• One of my friends suggested that you play a single player version of "Eye Spy".  Start with spotting something, anything beginning with the letter a, when you have completed a letter move on to the next in the alphabet, q, x and z are quite challenging (thank goodness for the Citroen Xsara!).  I found this helped me a lot.

  • Great question! And a pretty hard one to answer!

    I'm training for a marathon in May and am finding the long runs really hard. But once I'm say 7-8 miles into it, I feel great and often find myself thinking what's so bad about it, I try and make a mental note to remember that feeling the next time I'm in the office thinking about (and dreading) the evenings long run.

    The problem is we often forget the good feelings about running and only recall the aches and pains we get during the first few miles (when your body is lying to you ha).

    I've found the run out and back method to be the best. I'm up to 13 miles so I just go our for 6.5 and back again. The routes were getting a bit boring so I decided last night to try running circuits of 2.5 miles and try 6 of them. Big mistake, I was bored after the 2nd circuit and feeling more tired, same scenery and too close to home. The temptation to stop its too much.

    From now on I will always run out and back. Plus as others have said, you get a good buzz when you reach the farthest point and turn back. Its a big psychological boost knowing your are on the home stretch.

  • skottyskotty ✭✭✭

    I always work in km and for some reason it seems to work for me, even though there are more of them.

    it started off being natural when aiming to try 5km then 10k then I was just roughly doubling it for half marathon. Haven't tried 42km though.

    I always think a mile seems a long way.

  • I took part in a  24 hour track ultra last year  where I'd hoped to cover at least 4 marathons .  The first couple of marathons seemed to pass without having to think too much about it but the third one took all my will-power to crack.   Once I'd started on the last one I had to resort to some night music ( sorry anti-i-pod brigade image) which seemed to do the trick.   Then once the Sun came up and I started making headway into my fourth marathon  I started doing mental arithmetic in my head, trying to calculate how many laps I needed to do to reach my target.   

    I have a mantra which goes " All time is now, the beginning is the middle is the end "

    Then I visualize myself sitting down with my family having tea and cake. Loads of cake.    image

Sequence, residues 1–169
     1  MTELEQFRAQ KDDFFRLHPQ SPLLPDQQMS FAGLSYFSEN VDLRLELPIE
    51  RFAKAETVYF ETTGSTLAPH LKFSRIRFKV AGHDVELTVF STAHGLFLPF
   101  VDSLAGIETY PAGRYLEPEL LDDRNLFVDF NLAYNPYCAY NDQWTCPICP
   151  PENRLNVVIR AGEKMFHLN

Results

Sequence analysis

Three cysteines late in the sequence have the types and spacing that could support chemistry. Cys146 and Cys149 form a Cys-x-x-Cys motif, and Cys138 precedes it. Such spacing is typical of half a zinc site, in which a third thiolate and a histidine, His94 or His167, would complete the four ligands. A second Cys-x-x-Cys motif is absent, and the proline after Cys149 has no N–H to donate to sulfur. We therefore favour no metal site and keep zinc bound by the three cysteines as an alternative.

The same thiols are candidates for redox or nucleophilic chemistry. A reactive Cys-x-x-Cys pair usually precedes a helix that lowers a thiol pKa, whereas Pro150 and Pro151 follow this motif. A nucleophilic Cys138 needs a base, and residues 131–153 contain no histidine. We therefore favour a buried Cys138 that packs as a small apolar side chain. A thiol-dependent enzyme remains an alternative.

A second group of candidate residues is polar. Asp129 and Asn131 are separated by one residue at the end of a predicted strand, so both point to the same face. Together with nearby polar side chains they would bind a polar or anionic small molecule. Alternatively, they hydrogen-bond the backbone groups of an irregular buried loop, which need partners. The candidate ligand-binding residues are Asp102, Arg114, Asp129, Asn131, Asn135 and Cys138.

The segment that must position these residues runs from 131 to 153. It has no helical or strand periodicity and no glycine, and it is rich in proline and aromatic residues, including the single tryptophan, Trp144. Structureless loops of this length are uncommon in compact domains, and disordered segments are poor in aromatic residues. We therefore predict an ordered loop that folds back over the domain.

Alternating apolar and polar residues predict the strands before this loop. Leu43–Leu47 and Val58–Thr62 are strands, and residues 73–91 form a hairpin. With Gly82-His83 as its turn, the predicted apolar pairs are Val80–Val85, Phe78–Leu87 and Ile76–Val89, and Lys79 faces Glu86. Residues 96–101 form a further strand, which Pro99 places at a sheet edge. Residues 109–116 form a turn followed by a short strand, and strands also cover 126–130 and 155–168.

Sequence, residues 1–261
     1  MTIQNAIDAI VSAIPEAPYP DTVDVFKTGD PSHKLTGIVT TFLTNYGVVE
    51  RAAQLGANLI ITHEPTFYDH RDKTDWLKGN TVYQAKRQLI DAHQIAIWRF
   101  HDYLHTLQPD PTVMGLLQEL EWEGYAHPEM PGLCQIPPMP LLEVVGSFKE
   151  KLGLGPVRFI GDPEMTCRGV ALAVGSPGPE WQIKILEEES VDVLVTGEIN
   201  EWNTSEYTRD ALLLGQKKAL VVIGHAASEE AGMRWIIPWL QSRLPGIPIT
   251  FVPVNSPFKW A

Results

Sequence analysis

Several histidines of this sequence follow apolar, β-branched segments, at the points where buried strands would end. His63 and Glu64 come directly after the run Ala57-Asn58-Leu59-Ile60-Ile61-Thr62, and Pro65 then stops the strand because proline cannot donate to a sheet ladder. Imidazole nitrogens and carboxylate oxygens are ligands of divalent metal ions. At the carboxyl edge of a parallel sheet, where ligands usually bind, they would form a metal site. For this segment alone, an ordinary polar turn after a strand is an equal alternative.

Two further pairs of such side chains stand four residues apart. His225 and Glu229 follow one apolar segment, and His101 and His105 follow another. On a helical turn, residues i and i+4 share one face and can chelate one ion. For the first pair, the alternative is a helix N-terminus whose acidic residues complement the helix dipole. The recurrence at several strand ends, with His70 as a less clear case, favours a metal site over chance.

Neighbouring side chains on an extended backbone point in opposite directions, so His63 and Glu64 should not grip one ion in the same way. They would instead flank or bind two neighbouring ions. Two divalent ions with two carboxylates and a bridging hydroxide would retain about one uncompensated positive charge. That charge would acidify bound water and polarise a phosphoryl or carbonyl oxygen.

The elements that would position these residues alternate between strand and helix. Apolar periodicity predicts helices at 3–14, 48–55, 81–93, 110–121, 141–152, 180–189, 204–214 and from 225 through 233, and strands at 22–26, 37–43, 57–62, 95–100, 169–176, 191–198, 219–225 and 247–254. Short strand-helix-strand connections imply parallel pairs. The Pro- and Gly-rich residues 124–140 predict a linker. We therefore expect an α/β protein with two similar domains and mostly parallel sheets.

• I have never come up with a mantra that I didn't zone out of after about 15 minutes so I was not only not distracted from the running and not focused on the mantra but bored to buggery as well.

    Guess I need to practice this mindfulness thing a bit more...image

  • BookyBooky ✭✭✭
    Doing mental arithmetic works a treat for me - what percentage of the distance have I completed, what percentage is that of a different distance race, converting the distance into km/miles and back again, how many Parkruns have I got left, etc.
  • After a certain distance if it gets hard I dedicate each mile to someone.....if I find it difficult anytime during that mile i focus my mind on that person.try and remember my favourite times with them,  when i met them.,...when we last met....why i like them etc.......i lose focus but can go back to it if i need.

     new mile new personimage

  • Many thanks, I will try some of these ideas out. i think I lost a lot of confidence at the weekend, when I found the 19m so hard going.

  • i run marathons in km and for some reason find that easier as they pass quicker!  i normally focus on 10km markers so 10km (quarter of the way there) 20km, (half way there), 30km (almost there) then i count down the last 10km to 40km and consider this my 'cool down' with a 2km sprint finish added on at the end! 

    sounds weird but works for me!!  image

  • skottyskotty ✭✭✭
    seren nos wrote (see)

    After a certain distance if it gets hard I dedicate each mile to someone.....if I find it difficult anytime during that mile i focus my mind on that person.try and remember my favourite times with them,  when i met them.,...when we last met....why i like them etc.......i lose focus but can go back to it if i need.